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Saturday, April 19, 2014

‘No permanent residency language in S.2739’

Saipan Chamber of Commerce president James T. Arenovski said the new omnibus bill—S.2739—currently pending at the U.S. Senate does not have a provision guaranteeing permanent residency to long-term guest workers in the Commonwealth.

In the “From the President” section of the Chamber newsletter, the president of Delta Management Corp. told members, “I thought it important to clarify that there is NO permanent residency language in the new S.2483 (the precursor of S.2739). It just doesn’t exist. Whether for or against, there seems to be 100 percent agreement that this bill is intended to and will reduce the guest worker numbers in the NMI.”

The Chamber president added that he has also written to Senate Energy & Natural Resources Committee communications director Bill Wicker inviting him to clear up the committee’s “misrepresentations” directly with Chamber so that its members can get the facts on S.2739 straightened out.

Arenovski’s concerns stem from a comment made by Wicker that appeared in the March 19, 2008, issue of the Saipan Tribune that read: “We remain concerned that opponents of federalization continue to deliberately misinterpret and misinform the community about this legislation, to make it appear insensitive to CNMI concerns.”

In the same newsletter, Arenovski reported to Chamber members that he recently had a meeting with Philippine Consul General Wilfredo DLG. Maximo and he was able to pass on to him what he learned from his trips in Washington, D.C., about the impending federalization of the CNMI and what was in store for Filipino nonresident workers in the islands.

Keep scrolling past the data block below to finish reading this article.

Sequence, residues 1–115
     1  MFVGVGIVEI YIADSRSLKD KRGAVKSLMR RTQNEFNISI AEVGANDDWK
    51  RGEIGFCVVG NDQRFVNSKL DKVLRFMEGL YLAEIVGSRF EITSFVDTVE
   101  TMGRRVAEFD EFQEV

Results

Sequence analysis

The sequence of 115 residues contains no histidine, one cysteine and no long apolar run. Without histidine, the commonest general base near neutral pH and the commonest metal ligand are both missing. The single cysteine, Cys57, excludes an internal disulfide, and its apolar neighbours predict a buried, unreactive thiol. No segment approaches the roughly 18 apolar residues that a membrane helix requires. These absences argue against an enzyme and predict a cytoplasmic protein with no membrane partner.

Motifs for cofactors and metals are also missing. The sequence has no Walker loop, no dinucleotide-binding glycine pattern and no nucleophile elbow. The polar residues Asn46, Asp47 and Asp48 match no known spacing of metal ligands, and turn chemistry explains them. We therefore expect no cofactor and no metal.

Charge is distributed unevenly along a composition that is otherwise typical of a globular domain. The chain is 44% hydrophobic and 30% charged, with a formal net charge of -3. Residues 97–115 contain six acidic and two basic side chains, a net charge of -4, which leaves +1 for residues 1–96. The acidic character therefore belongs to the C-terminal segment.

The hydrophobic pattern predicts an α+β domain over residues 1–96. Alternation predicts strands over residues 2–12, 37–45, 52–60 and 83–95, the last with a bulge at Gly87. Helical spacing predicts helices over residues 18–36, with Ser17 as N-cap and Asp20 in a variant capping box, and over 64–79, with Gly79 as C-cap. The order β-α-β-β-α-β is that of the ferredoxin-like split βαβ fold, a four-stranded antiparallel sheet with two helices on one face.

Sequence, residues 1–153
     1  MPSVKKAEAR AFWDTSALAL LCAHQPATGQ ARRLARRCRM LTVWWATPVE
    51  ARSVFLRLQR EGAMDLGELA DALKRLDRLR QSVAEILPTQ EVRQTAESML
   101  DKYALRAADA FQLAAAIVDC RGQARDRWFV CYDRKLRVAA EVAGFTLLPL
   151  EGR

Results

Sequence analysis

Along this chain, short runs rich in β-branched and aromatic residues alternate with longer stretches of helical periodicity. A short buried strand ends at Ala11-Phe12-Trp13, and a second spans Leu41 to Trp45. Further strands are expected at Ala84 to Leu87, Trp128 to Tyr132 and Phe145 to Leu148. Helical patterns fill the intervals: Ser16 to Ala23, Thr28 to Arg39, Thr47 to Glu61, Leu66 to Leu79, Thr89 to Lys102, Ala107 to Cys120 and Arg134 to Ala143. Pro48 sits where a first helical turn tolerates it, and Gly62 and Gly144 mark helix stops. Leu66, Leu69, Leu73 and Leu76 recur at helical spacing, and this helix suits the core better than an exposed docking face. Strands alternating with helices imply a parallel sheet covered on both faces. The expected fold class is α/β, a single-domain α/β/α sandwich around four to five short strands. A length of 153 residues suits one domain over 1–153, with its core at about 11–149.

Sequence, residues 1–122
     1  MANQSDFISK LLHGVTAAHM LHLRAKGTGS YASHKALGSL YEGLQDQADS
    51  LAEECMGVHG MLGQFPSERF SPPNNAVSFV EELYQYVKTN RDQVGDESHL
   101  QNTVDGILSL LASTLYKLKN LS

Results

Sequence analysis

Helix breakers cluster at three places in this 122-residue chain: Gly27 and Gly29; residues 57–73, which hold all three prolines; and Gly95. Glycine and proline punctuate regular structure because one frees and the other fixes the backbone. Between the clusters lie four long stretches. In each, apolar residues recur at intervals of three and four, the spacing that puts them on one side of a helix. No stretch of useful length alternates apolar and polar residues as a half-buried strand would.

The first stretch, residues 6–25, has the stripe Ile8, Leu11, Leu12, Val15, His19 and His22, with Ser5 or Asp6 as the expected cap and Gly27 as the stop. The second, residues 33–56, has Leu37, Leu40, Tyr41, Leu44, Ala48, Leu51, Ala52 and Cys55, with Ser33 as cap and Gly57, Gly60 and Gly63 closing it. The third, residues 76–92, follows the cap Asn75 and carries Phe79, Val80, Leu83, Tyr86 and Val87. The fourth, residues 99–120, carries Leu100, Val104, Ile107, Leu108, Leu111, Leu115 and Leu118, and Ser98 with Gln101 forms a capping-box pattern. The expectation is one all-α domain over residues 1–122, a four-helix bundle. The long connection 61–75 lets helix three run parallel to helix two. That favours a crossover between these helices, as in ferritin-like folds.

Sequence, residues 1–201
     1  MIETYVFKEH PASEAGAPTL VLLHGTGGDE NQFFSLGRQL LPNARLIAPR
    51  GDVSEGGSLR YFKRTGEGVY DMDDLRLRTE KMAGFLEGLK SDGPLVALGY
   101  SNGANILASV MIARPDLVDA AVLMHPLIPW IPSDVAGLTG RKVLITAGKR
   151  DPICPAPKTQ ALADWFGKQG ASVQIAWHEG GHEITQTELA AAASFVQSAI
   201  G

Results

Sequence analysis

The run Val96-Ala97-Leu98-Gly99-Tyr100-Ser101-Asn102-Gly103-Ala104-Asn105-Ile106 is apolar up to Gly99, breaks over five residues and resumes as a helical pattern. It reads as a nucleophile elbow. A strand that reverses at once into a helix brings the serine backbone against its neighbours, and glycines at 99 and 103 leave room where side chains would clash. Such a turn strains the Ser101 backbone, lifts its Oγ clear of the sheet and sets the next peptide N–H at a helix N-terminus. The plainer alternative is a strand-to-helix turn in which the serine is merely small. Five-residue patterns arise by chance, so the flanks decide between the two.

“Much to his and his staff’s credit, the Chamber has been asked to join a forum to provide some information and then answer questions for Filipino overseas workers employed by the Chamber businesses. If this works well we will provide the forum to other organizations,” he said.

Arenovski added that the intent of the forums is to focus on the reality of the mandated reduction in guest workers “and what real effects the proposed legislation may have on businesses.”

He added, “I have no intention to engage in arguments over people’s interpretations, but will present to my best ability what the Chamber has found out. I will leave residency and other issues not addressed in the bill for others.”

S.2739—or the “Consolidated Natural Resources Act of 2008” —adopted entirely the provisions of H.R. 3079, which was passed by the House of Representatives on Dec. 11, 2007. It was crafted by Rep. Donna Christensen of U.S. Virgin Islands.

Like S.2483, the new omnibus bill is a collection of approximately 50 individual bills under the jurisdiction of the Committee on Energy and Natural Resources.

Title VII of S.2739 would extend immigration law and create a federally run guest-worker program in the CNMI (Subtitle A). It would also give the CNMI a delegate in the House (Subtitle B) with limited voting powers. Currently, all U.S. possessions except the CNMI have a delegate in Congress.

The provision, however, does not include the controversial measure granting improved status to long-term guest workers in the CNMI. Instead, the provision pertaining to CNMI immigration in the new omnibus bill requires the U.S. administration to submit to Congress within two years after S.2739’s enactment a report with recommendations on how to grant the guest workers a more permanent status.

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